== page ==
On my fist army camp when I was 17 or 18, I was ordered to paint the last post after a platoon inspection. Fortunately I was wise to this nonsense having been forewarned.
It’s time I made some changes.
I’ve enjoyed sending out these newsletters but it’s time for me to stall a while. Open rates have hovered around 50% with little interaction on the blog itself. This makes it difficult to get a sense of where to go with it without feedback.
My instagram audience is growing and interaction there is increasing. I’ve been enjoying conversations there in fact. Same with Twitter.
Facebook can gobble up too much time so I’ve already lessened my involvement there.
The newsletter format is very popular amongst documentary photographers who work on long form projects with copious research. But in the street photography community, it’s Instagram, Twitter and personal websites that matter. And YouTube to some extent.
Instagram was updated recently making it a much better platform for computers now. When using my phone I scroll through work very quickly, as we all do. It’s difficult to fully appreciate work on such a tiny screen. But on a laptop or desktop screen, I slow down, study, read, interact and learn. Since this upgrade others have appeared to linger longer and interact more with my posts.
But there’s something missing from all the online scrolling and that’s tangibility.
With a photograph properly realised in physical form, it can be truly appreciated.
With this is mind, I have set up a subscription of just £85 per year for a monthly, handcrafted photo book/zine of work made in the previous month. This will allow me to bulk order materials, keep costs down and continue to make work.
The best street photography, by seasoned experts, contributes to the visual historical record of our era for future generations to appreciate and study. And with more and more women practicing across the world, it is an even truer representation of our time than lots of other media which is so often stage managed and filtered through editorial biases.
Unfortunately, these days, it is difficult for photographers to earn a stable income. There are fewer staff positions and commissions available. And yet with the internet and many other innovations, there are copious opportunities for photographers to adapt, support themselves and fund new work. This is what I am endeavouring to do.
I’m not comfortable asking for patronage or donations. Patreon didn’t work for me. Substact doesn’t either. Not really.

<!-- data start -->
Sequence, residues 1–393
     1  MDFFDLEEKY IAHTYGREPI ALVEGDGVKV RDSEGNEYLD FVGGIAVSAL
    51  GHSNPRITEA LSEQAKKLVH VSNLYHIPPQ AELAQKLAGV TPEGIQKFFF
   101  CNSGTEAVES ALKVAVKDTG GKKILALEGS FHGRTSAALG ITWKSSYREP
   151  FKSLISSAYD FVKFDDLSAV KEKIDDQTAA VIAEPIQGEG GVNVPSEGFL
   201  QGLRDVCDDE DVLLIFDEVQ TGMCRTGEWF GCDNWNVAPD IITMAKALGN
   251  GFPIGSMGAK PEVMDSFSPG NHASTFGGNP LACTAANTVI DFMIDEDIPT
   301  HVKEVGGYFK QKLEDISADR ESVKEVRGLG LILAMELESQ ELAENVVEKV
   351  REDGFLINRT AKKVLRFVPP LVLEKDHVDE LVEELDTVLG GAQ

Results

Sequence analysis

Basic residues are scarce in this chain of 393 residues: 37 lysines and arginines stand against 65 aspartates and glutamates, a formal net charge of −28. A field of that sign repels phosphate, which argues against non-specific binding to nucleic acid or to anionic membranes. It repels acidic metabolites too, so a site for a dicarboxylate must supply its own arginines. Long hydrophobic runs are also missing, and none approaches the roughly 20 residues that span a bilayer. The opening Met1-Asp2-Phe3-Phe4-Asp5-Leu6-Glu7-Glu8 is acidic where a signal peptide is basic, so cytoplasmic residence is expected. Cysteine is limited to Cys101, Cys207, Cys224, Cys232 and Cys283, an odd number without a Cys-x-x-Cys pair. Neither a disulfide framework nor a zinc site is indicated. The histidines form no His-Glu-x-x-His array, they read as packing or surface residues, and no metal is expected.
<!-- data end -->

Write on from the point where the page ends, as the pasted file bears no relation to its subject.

I want to produce work of value that people will want to invest in and collect. That is what Passerby is all about. I understand now that this approach has been forming in my mind for some time. I know of only one photographer, who is also an artist and filmmaker, who is doing similar and to great effect. She makes gorgeous work every month for her growing audience.
Passerby will be of similar dimensions to my Pandemic Constitutional book but with fewer pages.
If I land a staff job in photography, or coaching swimmers again, or whatever, I will continue to produce Passerby. I have to. Everything I’ve been doing over the last few years has led to this. It will be my thing. And I will do it well. With word of mouth it could develop in all sorts of ways. But first I must begin. I already have material for the first issue but November is not over and there may be more photographs to be made.
So if you like good photography and want to appreciate it off the screen, hold it in your hands and pass it around, please consider an annual subscription to Passerby (working title). There’ll also be discounts on prints, future books and other photo paraphernalia.
I will keep this contact list intact and send very occasional emails - links that may be of interest. That sort of thing.
If you’d prefer I not do so, please unsubscribe from this newsletter.
Thank you for reading this blog/newsletter over the last couple of years. Thank you for buying my books and prints. Thanks for commissioning me to make photography and video for you. Or for whatever reason you have come to receive this. I hope I can continue to enjoy your company and support as I embark on this next stage.